Shaw never practiced medicine. During her studies, she met suffragist Lucy Stone and Stone’s husband, Harry Blackwell, brother of Elizabeth Blackwell, the first U.S. woman physician. “Together,” wrote Shaw, “they developed in me a vital interest in the suffrage cause, which grew steadily from that time until it became the dominating influence in my life.”
Shaw resigned her pastorates and became a lecturer for the Massachusetts Woman’s Suffrage Association. From 1886 to 1892, she headed the suffrage efforts of the Women’s Christian Temperance Union, which believed that women’s votes would lead to the banning of alcohol.
Shaw became close to Susan B. Anthony, who had served as president of NAWSA since 1890, when she led the merger of two earlier organizations. Shaw succeeded “Aunt Susan” in 1904 and was at the latter woman’s bedside when she died two years later. According to Shaw, Anthony died with these words: “Promise me that you will keep the presidency of the association as long as you are well enough to do the work.” And Shaw agreed.
Suffrage historians credit Shaw as a stirring, witty speaker. On the stump, she liked to tell stories about encounters with opponents, like the man who insisted women had never produced anything of value to the world.
“I told him,” responded Shaw, “that the chief product of the women had been the men, and left it to him to decide whether the product was of any value.” After she spoke at Bryn Mawr College in 1914, sophomore Helen Robertson described Shaw in a letter as “sharp as a needle.”
On the other hand, Shaw has not been remembered as an effective leader. There were few suffrage victories on her watch and the movement splintered over tactics. Shaw condemned as disrespectful the picketing of the Wilson White House by Alice Paul and other suffragists. And her needle-like tongue did make enemies. Most significantly, suffrage passed after she was replaced by Carrie Chapman Catt, who introduced a more aggressive strategy.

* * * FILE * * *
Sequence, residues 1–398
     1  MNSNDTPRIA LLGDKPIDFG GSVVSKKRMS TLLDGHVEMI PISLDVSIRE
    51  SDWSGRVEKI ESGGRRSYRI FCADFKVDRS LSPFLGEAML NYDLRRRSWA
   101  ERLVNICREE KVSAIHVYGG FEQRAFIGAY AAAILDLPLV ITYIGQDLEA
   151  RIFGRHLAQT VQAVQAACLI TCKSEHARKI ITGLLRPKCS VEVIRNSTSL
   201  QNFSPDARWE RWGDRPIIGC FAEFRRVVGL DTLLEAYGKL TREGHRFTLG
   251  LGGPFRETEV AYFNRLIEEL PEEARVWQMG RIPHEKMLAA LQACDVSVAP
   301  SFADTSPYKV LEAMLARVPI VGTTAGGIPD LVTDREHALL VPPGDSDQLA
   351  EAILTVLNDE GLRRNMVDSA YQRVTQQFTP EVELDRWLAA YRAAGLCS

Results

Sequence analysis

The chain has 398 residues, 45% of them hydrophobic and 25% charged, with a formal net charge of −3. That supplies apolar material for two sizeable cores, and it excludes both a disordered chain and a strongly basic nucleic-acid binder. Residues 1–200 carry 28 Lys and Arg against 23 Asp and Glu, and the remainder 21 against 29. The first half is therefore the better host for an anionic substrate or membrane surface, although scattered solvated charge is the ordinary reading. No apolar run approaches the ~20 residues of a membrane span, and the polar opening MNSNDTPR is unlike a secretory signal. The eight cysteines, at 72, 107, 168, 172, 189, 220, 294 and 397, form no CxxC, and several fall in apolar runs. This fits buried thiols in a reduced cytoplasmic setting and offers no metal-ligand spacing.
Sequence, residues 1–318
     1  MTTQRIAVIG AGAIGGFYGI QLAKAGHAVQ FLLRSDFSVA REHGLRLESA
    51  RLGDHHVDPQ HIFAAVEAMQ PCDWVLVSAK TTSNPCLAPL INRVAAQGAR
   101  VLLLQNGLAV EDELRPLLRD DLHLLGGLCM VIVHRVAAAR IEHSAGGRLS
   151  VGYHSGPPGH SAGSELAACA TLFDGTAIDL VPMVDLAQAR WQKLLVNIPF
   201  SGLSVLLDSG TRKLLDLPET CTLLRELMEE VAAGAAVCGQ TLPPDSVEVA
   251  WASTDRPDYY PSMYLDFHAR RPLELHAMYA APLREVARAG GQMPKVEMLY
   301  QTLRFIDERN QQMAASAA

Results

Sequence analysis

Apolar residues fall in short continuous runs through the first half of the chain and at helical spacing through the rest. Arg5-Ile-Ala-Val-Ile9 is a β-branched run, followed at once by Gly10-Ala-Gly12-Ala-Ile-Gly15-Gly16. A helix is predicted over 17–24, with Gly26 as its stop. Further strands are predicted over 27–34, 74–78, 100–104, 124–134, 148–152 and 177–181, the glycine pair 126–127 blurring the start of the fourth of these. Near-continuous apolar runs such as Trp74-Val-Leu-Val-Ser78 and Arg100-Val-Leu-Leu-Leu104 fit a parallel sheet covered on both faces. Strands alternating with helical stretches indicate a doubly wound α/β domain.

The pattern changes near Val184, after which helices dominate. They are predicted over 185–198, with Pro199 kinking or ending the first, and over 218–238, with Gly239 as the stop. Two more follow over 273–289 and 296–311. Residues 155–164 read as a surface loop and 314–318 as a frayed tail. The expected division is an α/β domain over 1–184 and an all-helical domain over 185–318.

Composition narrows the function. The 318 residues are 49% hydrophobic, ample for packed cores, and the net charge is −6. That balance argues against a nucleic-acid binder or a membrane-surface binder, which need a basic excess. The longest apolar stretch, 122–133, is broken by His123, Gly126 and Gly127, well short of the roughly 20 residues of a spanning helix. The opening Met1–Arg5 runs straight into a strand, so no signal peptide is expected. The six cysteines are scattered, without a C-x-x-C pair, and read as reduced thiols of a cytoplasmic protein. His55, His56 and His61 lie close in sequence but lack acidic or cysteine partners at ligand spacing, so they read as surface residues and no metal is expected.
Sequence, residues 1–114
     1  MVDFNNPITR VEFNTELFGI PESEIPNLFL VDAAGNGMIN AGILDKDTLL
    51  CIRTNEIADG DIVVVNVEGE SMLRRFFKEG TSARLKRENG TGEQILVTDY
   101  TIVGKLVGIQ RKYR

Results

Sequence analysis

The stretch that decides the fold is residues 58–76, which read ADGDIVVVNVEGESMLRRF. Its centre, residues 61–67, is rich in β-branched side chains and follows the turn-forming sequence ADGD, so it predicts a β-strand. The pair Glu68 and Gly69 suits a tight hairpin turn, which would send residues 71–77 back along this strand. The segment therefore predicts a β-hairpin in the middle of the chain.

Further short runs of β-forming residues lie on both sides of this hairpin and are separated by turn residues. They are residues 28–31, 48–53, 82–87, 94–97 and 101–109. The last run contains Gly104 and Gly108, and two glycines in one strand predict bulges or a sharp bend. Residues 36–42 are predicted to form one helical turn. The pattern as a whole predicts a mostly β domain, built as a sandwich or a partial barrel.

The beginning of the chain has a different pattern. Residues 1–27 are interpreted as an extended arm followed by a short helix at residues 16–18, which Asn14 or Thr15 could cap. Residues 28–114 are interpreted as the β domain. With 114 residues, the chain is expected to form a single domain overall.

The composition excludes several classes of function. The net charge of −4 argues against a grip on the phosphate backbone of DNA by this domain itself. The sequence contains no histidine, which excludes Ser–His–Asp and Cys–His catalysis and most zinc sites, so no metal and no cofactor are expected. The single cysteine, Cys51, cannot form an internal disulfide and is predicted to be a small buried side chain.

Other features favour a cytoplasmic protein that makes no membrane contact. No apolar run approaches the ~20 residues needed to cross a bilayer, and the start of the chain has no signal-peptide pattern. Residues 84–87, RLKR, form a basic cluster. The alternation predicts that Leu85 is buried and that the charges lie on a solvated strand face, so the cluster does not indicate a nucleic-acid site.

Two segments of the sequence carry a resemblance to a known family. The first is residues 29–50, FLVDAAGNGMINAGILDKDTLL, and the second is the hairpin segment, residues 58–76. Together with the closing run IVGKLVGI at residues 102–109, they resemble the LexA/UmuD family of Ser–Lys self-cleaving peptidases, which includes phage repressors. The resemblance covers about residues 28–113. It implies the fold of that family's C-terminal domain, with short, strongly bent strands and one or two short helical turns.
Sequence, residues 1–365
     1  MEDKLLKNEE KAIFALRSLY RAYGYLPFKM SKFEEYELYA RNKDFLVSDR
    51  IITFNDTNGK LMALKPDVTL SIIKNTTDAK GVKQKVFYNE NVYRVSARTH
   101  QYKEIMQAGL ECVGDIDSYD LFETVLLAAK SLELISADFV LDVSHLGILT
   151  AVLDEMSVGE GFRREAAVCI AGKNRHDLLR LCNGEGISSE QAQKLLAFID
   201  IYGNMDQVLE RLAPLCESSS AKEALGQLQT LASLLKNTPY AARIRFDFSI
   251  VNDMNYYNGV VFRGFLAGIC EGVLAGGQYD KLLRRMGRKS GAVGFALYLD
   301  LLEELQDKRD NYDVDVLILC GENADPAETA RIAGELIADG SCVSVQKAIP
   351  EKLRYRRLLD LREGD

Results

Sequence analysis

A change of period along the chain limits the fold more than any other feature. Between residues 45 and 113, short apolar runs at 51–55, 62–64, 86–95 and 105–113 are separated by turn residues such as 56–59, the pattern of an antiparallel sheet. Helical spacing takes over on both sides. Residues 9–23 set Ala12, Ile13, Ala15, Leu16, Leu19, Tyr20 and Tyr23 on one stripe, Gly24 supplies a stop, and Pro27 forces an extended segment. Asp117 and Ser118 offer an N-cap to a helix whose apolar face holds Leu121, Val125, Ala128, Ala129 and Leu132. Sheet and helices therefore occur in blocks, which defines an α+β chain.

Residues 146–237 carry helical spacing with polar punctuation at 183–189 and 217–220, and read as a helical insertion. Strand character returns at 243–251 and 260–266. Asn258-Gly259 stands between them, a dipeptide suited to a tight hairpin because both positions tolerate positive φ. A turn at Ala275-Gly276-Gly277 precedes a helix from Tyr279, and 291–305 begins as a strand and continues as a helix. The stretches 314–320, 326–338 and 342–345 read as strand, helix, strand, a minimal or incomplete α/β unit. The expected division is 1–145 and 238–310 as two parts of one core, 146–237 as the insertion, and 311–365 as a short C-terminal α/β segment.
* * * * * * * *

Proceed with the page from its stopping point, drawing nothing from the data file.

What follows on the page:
Anna Shaw came to Moylan in 1908. For most of her career, she had lived in rented quarters or as someone’s guest. But she had longed, wrote Shaw, “to build on a tract which had a stream, a grove of trees, great boulders and rocks, and a hill site for the house with a broad outlook.” A lot on Rose Valley Road, a block from the train station, sufficed.
Moylan borders Rose Valley, founded by freethinkers as a single-tax, arts-and-crafts paradise. The community was popular with artists and intellectuals who would have been sympathetic to suffrage. Shaw had chosen a friendly community.
Well, except for the tax man.
In 1914, Shaw had fallen and broken her ankle getting off a train in Jersey City. Her supporters’ gift—reported in all the papers—of a yellow roadster in June 1915 was probably an effort to help her get around more easily. Yellow was the color of the suffrage movement and, in an era in which all cars were black, the vehicle attracted attention wherever it went. Shaw named it “Eastern Victory” and took a brief vacation to learn how to drive.
Shaw’s dispute with assessor Louis Little began in 1914, when he first requested that she list her property so that he could calculate her tax. Assessments ranged from $1.20 to $6 per person. Shaw told Little she considered herself a resident of New York, where NAWSA was headquartered. Little took no notice of this, and Shaw later claimed that he had boasted before witnesses that he “would make the assessment so large she would be compelled to make out the statement.”
Little’s assessment was $30,000—at a time when $3,000 would buy a large house. The tax due: $126.
On July 12, two weeks after Shaw received the car, Little and Constable A.C.W. Matthues found her garage unlocked. Matthues backed out “Eastern Victory” and drove it into Media, where he locked it in Pierson’s Garage. According to the Philadelphia Inquirer, “The course taken by the constable ran him by the headquarters of the suffrage party of the county, and a number of women there gazed on what they considered almost a sacrilege.”
Appeals to Little, the county commissioners and a local court were ignored. Shaw—whose lifelong disappointment with men began with her father—undoubtedly considered this episode just more male bullying. She told reporters she would never pay. But Shaw’s friends intervened. When the car went to auction July 24, suffrage supporters bought and returned it, though anti-suffrage bidders pushed the price from $126 to $230.
Would she have been so treated, Shaw asked a Norristown audience later that month, “if I had been a voter in Delaware County, an influential member of the community, one of the electorate to whom judges must appeal for votes?”
Well, would she? As anyone—male or female—knows who has faced an indifferent clerk: Yes, probably.
Mark E. Dixon welcomes comments. Write a letter.